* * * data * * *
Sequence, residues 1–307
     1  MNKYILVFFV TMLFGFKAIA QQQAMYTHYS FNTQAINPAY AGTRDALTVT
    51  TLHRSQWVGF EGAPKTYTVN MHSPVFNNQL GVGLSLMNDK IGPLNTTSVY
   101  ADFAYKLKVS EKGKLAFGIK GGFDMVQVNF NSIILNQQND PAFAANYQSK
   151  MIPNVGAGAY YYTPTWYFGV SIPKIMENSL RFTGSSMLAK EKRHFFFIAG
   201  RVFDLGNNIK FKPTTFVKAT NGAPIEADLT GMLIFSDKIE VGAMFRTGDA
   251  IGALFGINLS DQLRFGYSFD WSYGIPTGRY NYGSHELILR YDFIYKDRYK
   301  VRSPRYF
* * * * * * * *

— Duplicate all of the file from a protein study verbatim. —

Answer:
Sequence, residues 1–307
     1  MNKYILVFFV TMLFGFKAIA QQQAMYTHYS FNTQAINPAY AGTRDALTVT
    51  TLHRSQWVGF EGAPKTYTVN MHSPVFNNQL GVGLSLMNDK IGPLNTTSVY
   101  ADFAYKLKVS EKGKLAFGIK GGFDMVQVNF NSIILNQQND PAFAANYQSK
   151  MIPNVGAGAY YYTPTWYFGV SIPKIMENSL RFTGSSMLAK EKRHFFFIAG
   201  RVFDLGNNIK FKPTTFVKAT NGAPIEADLT GMLIFSDKIE VGAMFRTGDA
   251  IGALFGINLS DQLRFGYSFD WSYGIPTGRY NYGSHELILR YDFIYKDRYK
   301  VRSPRYF